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Confusion over government cost saving tool

Councils have shunned a transport accounting tool designed by Government to drive efficiency it was revealed this week.

They claim it costs too much to develop.

Government backed Transport Asset Management Plans (TAMPs) give councils a robust measure of what their assets are and what condition they are in.

The Department for Transport (DfT) has championed them as a way for local authorities to make hundreds of millions of pounds in efficiency savings on their highway budgets.

However, two reports released next month will claim that local authorities urgently need financial support to produce TAMPs.

A Treasury and DfT-commissioned report by the Chartered Institute of Public Finance Accounting (CIPFA) will urge the Government to make at least £15M available immediately to councils to help them produce TAMPs.

The report claims that this would have saved at least £250M from UK local authorities' total infrastructure spend of £5bn during 2005/6.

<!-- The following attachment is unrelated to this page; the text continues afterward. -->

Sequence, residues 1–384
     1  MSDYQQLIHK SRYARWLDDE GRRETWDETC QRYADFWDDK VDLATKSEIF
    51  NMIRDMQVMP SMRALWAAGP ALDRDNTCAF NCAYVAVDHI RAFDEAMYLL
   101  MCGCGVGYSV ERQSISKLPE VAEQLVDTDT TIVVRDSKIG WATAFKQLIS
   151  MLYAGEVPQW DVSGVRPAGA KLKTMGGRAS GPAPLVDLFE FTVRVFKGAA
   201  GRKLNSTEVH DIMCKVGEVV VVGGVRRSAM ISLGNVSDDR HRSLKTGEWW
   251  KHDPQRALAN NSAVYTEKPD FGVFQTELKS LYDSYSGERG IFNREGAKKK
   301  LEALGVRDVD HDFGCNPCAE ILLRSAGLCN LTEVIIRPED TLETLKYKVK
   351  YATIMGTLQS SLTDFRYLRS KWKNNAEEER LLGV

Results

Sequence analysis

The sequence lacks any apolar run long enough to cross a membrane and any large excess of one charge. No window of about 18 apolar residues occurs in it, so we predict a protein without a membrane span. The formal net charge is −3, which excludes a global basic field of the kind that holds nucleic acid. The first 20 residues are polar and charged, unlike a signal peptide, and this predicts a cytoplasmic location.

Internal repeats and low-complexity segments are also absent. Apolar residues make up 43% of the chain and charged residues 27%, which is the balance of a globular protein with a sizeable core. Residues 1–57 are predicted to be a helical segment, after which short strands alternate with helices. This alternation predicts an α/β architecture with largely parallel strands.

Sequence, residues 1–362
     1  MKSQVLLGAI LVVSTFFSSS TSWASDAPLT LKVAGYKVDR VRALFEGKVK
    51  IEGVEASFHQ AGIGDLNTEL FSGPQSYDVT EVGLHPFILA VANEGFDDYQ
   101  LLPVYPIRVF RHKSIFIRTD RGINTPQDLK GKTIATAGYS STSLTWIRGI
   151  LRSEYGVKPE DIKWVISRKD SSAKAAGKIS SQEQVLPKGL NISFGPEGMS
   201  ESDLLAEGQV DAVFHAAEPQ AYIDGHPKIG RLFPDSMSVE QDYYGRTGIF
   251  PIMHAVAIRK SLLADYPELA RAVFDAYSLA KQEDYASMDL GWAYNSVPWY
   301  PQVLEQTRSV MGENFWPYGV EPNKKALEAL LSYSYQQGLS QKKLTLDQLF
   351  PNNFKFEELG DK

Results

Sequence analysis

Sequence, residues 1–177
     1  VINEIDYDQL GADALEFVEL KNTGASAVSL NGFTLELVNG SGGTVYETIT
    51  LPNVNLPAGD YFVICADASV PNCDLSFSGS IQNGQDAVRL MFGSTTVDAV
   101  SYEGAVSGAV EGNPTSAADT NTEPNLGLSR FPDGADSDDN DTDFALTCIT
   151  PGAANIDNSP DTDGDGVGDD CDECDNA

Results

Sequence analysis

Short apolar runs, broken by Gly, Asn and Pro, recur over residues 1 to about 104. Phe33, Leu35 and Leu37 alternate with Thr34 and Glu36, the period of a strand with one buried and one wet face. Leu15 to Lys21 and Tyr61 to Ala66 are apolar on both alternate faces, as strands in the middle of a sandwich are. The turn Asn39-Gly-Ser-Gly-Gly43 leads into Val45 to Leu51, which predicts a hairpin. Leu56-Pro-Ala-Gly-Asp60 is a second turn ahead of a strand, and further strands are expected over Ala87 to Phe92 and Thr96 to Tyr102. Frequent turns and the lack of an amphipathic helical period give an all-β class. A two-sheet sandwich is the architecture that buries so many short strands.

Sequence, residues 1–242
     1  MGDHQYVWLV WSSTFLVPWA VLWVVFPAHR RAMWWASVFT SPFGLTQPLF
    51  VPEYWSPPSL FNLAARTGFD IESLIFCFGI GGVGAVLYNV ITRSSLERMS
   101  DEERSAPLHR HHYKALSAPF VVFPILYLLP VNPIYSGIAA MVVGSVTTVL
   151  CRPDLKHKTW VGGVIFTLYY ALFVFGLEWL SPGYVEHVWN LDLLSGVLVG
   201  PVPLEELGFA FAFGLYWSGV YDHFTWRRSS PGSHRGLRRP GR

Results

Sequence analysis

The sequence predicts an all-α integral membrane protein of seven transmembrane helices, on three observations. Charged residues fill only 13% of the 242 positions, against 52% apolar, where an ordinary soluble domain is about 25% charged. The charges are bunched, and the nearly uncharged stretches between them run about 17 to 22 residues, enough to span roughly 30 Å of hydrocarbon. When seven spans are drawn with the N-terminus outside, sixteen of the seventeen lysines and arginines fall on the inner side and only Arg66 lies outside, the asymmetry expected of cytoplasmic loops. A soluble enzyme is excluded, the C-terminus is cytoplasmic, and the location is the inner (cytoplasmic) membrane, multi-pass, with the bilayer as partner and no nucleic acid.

Meanwhile, a new report for the DfT from consultant Atkins will say that councils urgently need clearer guidance on what TAMPs are and how to produce them. Many TAMPs already delivered were poor quality, it says.

"The evidence shows that delays in the development of TAMPs are mainly due to a lack of appropriate resources, uncertainty over requirements, and organisational issues," says the report.

Leicestershire County Council director of highways, transportation and waste management Matthew Lugg said: "A lot of highway authorities lack the building blocks to produce an effective TAMP. Some literally do not know how many miles of road they have got.

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